Elmer says: "I agree with privacy in banking for the person in the street, and legitimate activity, but in these instances privacy is being abused so that big people can get big banking organisations to service them. The normal, hard-working taxpayer is being abused also.

"Once you become part of senior management," he says, "and gain international experience, as I did, then you are part of the inner circle – and things become much clearer. You are part of the plot. You know what the real products and service are, and why they are so expensive. It should be no surprise that the main product is secrecy … Crimes are committed and lies spread in order to protect this secrecy."

The names on the CDs will not be made public, just as a much shorter list of 15 clients that Elmer handed to WikiLeaks in 2008 has remained hitherto undisclosed by the organisation headed by Julian Assange, currently on bail over alleged sex offences in Sweden, and under investigation in the US for the dissemination of thousands of state department documents.

Elmer has been hounded by the Swiss authorities and media since electing to become a whistleblower, and his health and career have suffered.

"My understanding is that my client's attempts to get the banks to act over various complaints he made came to nothing internally," says Elmer's lawyer, Jack Blum, one of America's leading experts in tracking offshore money. "Neither would the Swiss courts act on his complaints. That's why he went to WikiLeaks."

That first crop of documents was scrutinised by the Guardian newspaper in 2009, which found "details of numerous trusts in which wealthy people have placed capital. This allows them lawfully to avoid paying tax on profits, because legally it belongs to the trust … The trust itself pays no tax, as a Cayman resident", although "the trustees can distribute money to the trust's beneficiaries".

Now, Blum says, "Elmer is being tried for violating Swiss banking secrecy law even though the data is from the Cayman Islands. This is bold extraterritorial nonsense. Swiss secrecy law should apply to Swiss banks in Switzerland, not a Swiss subsidiary in the Cayman Islands."

Julius Baer has denied all wrongdoing, and rejects Elmer's allegations. It has said that Elmer "altered" documents in order to "create a distorted fact pattern".

The bank issued a statement on Friday saying: "The aim of [Elmer's] activities was, and is, to discredit Julius Baer as well as clients in the eyes of the public. With this goal in mind, Mr Elmer spread baseless accusations and passed on unlawfully acquired, respectively retained, documents to the media, and later also to WikiLeaks. To back up his campaign, he also used falsified documents."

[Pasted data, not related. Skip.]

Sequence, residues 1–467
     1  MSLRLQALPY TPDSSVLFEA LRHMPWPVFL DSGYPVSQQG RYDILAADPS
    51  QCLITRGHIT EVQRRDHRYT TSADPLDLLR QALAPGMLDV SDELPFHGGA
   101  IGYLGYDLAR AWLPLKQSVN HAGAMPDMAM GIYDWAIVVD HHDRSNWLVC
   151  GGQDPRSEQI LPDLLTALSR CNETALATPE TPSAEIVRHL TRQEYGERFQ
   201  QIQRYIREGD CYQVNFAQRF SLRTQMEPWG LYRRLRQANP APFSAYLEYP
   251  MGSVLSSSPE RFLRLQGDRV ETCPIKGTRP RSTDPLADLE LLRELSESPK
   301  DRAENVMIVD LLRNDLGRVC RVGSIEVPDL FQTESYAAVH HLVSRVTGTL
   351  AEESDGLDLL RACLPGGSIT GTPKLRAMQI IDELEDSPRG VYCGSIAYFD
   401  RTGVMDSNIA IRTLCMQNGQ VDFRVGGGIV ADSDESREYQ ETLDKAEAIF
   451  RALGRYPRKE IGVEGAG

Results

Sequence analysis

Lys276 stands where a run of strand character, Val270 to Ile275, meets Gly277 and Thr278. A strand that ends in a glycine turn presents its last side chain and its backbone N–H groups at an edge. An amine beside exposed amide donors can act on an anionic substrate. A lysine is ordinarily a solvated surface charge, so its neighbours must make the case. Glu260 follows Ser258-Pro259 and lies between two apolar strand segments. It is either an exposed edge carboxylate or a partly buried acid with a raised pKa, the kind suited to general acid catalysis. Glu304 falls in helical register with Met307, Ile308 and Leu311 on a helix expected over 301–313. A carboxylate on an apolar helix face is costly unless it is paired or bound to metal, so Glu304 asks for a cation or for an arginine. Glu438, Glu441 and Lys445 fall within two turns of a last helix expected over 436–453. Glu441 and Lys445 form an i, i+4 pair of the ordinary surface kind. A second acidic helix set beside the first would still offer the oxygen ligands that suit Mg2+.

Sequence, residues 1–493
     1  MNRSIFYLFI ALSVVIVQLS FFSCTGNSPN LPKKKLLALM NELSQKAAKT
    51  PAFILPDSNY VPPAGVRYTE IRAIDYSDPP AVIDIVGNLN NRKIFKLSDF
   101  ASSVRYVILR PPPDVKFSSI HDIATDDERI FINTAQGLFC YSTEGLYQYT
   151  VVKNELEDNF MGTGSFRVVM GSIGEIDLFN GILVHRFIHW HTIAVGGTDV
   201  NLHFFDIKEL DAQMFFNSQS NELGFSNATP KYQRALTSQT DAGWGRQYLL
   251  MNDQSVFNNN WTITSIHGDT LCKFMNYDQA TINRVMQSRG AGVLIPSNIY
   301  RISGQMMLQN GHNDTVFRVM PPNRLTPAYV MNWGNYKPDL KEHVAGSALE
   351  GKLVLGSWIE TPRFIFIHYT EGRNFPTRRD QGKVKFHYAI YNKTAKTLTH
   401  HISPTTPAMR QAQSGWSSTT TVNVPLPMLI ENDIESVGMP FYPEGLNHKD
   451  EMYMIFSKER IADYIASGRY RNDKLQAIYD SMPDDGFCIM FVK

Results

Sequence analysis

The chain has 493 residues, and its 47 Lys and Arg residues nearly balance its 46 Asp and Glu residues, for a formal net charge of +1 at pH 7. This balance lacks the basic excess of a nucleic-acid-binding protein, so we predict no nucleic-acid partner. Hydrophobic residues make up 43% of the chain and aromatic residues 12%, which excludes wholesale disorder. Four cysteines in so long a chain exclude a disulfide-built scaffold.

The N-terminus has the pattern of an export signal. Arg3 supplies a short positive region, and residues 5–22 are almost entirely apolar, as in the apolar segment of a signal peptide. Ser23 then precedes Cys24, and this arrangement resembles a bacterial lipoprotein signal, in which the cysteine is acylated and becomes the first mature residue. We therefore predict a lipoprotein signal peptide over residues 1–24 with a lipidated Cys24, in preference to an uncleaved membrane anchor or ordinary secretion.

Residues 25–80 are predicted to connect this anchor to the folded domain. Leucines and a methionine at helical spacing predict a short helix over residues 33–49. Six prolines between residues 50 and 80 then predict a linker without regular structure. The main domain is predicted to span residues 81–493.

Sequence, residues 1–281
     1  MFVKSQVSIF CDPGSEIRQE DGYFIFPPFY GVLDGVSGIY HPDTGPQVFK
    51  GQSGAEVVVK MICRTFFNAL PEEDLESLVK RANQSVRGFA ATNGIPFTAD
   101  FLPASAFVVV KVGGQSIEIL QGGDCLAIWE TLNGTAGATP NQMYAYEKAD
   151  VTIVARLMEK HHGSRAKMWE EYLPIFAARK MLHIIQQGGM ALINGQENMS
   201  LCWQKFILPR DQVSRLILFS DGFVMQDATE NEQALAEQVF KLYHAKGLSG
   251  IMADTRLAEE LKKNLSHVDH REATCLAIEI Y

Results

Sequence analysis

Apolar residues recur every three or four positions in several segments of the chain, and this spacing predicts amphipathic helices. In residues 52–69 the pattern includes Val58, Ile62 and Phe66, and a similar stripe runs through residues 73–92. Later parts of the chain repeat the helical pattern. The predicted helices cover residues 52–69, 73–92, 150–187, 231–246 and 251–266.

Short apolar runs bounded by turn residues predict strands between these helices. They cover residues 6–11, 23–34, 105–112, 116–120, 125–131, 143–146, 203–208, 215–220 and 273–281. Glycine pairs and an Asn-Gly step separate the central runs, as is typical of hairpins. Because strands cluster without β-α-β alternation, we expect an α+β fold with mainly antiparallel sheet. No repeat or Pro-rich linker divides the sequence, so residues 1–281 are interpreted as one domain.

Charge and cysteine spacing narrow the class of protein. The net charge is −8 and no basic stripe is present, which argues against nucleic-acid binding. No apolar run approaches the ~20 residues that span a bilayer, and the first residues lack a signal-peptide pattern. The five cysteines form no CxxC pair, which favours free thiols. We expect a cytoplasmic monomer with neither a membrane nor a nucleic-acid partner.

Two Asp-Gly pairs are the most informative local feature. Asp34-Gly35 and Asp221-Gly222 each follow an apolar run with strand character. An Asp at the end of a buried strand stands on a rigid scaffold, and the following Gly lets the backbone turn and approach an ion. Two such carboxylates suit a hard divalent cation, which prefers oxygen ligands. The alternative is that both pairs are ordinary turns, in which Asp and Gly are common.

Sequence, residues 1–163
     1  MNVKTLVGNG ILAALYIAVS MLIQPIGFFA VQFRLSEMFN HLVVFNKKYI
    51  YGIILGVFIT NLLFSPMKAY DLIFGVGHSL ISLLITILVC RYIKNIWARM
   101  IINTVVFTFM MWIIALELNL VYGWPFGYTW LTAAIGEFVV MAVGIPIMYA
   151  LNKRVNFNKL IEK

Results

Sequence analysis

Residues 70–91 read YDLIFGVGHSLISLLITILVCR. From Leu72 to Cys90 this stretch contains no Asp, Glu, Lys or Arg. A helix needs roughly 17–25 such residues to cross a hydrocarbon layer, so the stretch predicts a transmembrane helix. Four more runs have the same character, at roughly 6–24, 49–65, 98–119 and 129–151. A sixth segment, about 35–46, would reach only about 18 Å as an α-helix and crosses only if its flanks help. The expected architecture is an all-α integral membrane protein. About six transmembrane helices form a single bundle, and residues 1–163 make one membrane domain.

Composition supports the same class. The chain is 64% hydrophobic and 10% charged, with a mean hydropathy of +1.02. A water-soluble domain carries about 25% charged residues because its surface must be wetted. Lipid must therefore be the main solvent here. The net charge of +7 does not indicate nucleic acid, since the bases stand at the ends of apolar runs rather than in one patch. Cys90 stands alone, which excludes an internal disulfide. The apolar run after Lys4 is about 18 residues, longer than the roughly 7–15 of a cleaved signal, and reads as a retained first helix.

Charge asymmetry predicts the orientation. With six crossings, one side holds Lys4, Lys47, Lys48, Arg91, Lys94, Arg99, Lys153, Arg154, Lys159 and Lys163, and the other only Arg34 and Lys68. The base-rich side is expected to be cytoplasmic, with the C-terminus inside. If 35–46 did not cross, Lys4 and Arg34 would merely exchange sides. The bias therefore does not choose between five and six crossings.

The bank also accuses Elmer of threatening colleagues.

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I suspect a story that is breaking today will have major consequences for political and business leaders throughout the Western world.

A former Swiss banker, Rudolf Elmer, has passed on data containing account details of 2,000 prominent people to Wikileaks founder Julian Assange. The data covers multinationals, financial firms and wealthy individuals from many countries, including the UK, US and Germany, and covers the period 1990-2009.

Mr Assange also said some information was likely to be handed over to the authorities. The data included the offshore accounts of about 40 politicians. Maybe Tony Blair will be one of those exposed. It is believed that the data will shed light on tax evasion and the hiding of proceeds of criminal acts.

Swiss whistleblower Rudolf Elmer plans to hand over offshore banking secrets of the rich and famous to WikiLeaksHe will disclose the details of 'massive potential tax evasion' before he flies home to stand trial over his actions

Ed Vulliamy The Observer, Sunday 16 January 2011

Rudolf Elmer in Mauritius: “Well-known pillars of society will hold investment portfolios and may include houses, trading companies, artwork, yachts, jewellery, horses, and so on.”

The offshore bank account details of 2,000 "high net worth individuals" and corporations – detailing massive potential tax evasion – will be handed over to the WikiLeaks organisation in London tomorrow by the most important and boldest whistleblower in Swiss banking history, Rudolf Elmer, two days before he goes on trial in his native Switzerland.

British and American individuals and companies are among the offshore clients whose details will be contained on CDs presented to WikiLeaks at the Frontline Club in London. Those involved include, Elmer tells the Observer, "approximately 40 politicians".

Elmer, who after his press conference will return to Switzerland from exile in Mauritius to face trial, is a former chief operating officer in the Cayman Islands and employee of the powerful Julius Baer bank, which accuses him of stealing the information.